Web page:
9. Paul Collier & Benedikt Goderis, 2007. "Prospects for Commodity Exporters," World Economics, World Economics, Economic & Financial Publishing, 1 Ivory Square, Plantation Wharf, London, United Kingdom, SW11 3UE, World Economics, Economic & Financial Publishing, 1 Ivory Square, Plantation Wharf, London, United Kingdom, SW11 3UE, vol. 8(2), pages 1-15, April.
  10. Blattman, Christopher & Hwang, Jason & Williamson, Jeffrey G., 2007. "Winners and losers in the commodity lottery: The impact of terms of trade growth and volatility in the Periphery 1870-1939," Journal of Development Economics, Elsevier, Elsevier, vol. 82(1), pages 156-179, January.
  11. van der Ploeg, Frederick, 2006. "Challenges and Opportunities for Resource Rich Economies," CEPR Discussion Papers, C.E.P.R. Discussion Papers 5688, C.E.P.R. Discussion Papers.
  12. Collier, Paul & Hoeffler, Anke, 2009. "Testing the neocon agenda: Democracy in resource-rich societies," European Economic Review, Elsevier, Elsevier, vol. 53(3), pages 293-308, April.
  13. Torvik, Ragnar, 2002. "Natural resources, rent seeking and welfare," Journal of Development Economics, Elsevier, Elsevier, vol. 67(2), pages 455-470, April.
  14. Jonathan Isham & Michael Woolcock & Lant Pritchett & Gwen Busby, 2005. "The Varieties of Resource Experience: Natural Resource Export Structures and the Political Economy of Economic Growth," World Bank Economic Review, World Bank Group, World Bank Group, vol. 19(2), pages 141-174.
  15. Paul Collier & Frederick van der Ploeg & Michael Spence & Anthony J Venables, 2009. "Managing Resource Revenues in Developing Economies," OxCarre Working Papers, Oxford Centre for the Analysis of Resource Rich Economies, University of Oxford 015, Oxford Centre for the Analysis of Resource Rich Economies, University of Oxford.
  16. Hausman, Jerry & Stock, James H. & Yogo, Motohiro, 2005. "Asymptotic properties of the Hahn-Hausman test for weak-instruments," Economics Letters, Elsevier, Elsevier, vol. 89(3), pages 333-342, December.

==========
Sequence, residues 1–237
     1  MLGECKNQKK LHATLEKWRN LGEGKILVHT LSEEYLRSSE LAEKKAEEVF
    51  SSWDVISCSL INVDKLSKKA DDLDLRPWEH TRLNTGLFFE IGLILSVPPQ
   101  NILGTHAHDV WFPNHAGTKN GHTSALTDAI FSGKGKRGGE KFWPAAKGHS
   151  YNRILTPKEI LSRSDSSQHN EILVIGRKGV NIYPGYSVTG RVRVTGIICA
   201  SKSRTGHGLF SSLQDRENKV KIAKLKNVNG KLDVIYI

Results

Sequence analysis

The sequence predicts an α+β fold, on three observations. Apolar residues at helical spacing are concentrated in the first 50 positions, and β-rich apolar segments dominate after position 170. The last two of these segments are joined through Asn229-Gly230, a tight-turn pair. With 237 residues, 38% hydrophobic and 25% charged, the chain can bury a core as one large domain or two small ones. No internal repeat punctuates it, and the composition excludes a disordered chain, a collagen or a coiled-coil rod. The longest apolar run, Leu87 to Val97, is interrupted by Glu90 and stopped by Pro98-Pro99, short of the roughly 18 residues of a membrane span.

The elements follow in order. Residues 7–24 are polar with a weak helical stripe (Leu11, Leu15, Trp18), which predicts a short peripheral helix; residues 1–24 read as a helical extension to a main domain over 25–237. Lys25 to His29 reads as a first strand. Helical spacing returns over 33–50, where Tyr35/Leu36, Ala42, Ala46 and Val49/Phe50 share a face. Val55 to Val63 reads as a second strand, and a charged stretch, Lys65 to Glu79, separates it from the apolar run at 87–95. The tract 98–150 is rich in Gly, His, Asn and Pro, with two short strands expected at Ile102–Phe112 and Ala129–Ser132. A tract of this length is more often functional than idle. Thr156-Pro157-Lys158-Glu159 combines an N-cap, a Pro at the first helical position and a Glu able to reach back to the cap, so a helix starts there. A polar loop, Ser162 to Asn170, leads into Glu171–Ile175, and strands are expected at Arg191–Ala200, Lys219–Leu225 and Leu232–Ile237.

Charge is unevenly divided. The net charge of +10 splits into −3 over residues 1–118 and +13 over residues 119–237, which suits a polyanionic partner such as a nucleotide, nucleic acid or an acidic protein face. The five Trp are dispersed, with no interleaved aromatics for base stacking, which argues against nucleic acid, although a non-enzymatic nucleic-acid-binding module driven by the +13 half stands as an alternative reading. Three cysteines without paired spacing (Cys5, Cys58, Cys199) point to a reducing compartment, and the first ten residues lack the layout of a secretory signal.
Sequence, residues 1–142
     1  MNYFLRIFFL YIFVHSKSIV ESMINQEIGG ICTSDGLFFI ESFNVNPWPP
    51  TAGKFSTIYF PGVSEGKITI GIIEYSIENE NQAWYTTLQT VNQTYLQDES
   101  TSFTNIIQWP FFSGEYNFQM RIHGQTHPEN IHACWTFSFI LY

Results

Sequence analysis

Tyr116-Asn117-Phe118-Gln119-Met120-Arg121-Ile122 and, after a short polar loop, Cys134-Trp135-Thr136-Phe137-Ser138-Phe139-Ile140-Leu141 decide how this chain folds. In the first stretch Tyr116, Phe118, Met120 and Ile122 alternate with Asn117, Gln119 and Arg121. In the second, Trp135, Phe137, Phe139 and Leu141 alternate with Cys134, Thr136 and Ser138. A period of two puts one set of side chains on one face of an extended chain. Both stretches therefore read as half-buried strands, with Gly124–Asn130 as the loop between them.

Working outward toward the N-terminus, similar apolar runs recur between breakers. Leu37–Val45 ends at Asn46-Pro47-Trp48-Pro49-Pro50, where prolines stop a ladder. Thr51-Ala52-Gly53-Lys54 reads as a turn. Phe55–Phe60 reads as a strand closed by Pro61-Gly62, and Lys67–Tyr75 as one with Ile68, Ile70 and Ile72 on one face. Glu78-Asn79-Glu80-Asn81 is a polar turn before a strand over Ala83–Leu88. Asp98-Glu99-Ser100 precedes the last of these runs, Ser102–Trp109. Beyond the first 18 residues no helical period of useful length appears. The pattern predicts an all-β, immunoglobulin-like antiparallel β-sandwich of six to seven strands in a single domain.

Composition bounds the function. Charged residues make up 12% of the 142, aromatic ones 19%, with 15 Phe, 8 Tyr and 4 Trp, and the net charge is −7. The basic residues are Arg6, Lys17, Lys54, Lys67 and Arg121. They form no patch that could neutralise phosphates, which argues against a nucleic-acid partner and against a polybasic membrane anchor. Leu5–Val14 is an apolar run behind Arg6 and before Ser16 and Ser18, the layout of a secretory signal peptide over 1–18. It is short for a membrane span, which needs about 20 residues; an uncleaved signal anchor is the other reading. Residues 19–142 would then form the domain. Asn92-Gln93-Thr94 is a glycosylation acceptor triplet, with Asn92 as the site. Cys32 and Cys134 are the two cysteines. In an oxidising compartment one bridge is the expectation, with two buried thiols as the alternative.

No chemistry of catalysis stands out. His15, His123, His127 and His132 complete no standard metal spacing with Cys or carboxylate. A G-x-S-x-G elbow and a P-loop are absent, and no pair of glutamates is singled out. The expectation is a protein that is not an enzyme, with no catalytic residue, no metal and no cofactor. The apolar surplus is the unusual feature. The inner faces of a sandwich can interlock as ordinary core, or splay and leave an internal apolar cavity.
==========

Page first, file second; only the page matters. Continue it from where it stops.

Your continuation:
17. Ward Romp & Jakob de Haan, 2007. "Public Capital and Economic Growth: A Critical Survey," Perspektiven der Wirtschaftspolitik, Verein für Socialpolitik, Verein für Socialpolitik, vol. 8(s1), pages 6-52, 04.
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Cited by:
  1. Frederick van der Ploeg & Anthony J. Venables, 2012. "Natural Resource Wealth: The Challenge of Managing a Windfall," Annual Review of Economics, Annual Reviews, Annual Reviews, vol. 4(1), pages 315-337, 07.
  2. Bhattacharyya, Sambit, 2013. "Political origins of financial structure," Journal of Comparative Economics, Elsevier, vol. 41(4), pages 979-994.
  3. Bhattacharyya, Sambit & Hodler, Roland, 2011. "Do Natural Resource Revenues Hinder Financial Development? The Role of Political Institutions," Proceedings of the German Development Economics Conference, Berlin 2011, Verein für Socialpolitik, Research Committee Development Economics 11, Verein für Socialpolitik, Research Committee Development Economics.
  4. Ilham Haouas & Raimundo Soto, 2012. "Has the UAE Escaped the Oil Curse?," Documentos de Trabajo, Instituto de Economia. Pontificia Universidad Católica de Chile. 412, Instituto de Economia. Pontificia Universidad Católica de Chile..